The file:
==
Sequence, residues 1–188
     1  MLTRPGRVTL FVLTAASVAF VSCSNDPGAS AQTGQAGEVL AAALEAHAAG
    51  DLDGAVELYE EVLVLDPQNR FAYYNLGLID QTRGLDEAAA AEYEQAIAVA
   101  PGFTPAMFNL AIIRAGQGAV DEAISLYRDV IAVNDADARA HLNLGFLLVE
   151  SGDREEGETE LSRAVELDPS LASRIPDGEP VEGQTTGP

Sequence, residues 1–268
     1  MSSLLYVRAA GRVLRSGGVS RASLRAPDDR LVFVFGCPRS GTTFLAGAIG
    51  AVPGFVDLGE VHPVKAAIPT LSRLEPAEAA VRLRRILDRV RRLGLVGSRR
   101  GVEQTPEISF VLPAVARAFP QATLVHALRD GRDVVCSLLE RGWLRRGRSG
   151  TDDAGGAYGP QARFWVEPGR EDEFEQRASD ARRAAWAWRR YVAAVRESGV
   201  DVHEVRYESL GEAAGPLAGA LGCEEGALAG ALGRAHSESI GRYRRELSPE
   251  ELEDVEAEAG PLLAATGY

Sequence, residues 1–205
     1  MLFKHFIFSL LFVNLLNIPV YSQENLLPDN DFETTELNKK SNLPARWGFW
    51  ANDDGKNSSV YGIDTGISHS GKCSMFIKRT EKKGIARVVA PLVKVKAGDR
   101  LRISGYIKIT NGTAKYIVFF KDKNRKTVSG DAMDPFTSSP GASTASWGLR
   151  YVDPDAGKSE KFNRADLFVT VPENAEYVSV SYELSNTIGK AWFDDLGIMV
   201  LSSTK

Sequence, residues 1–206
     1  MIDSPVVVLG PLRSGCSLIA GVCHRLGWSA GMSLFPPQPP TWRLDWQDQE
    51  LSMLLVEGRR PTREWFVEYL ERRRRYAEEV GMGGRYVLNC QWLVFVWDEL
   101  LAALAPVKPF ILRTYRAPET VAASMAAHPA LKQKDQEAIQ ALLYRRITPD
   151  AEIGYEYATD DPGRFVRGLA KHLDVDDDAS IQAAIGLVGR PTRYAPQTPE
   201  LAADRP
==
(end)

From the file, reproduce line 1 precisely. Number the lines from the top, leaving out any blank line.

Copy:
Sequence, residues 1–188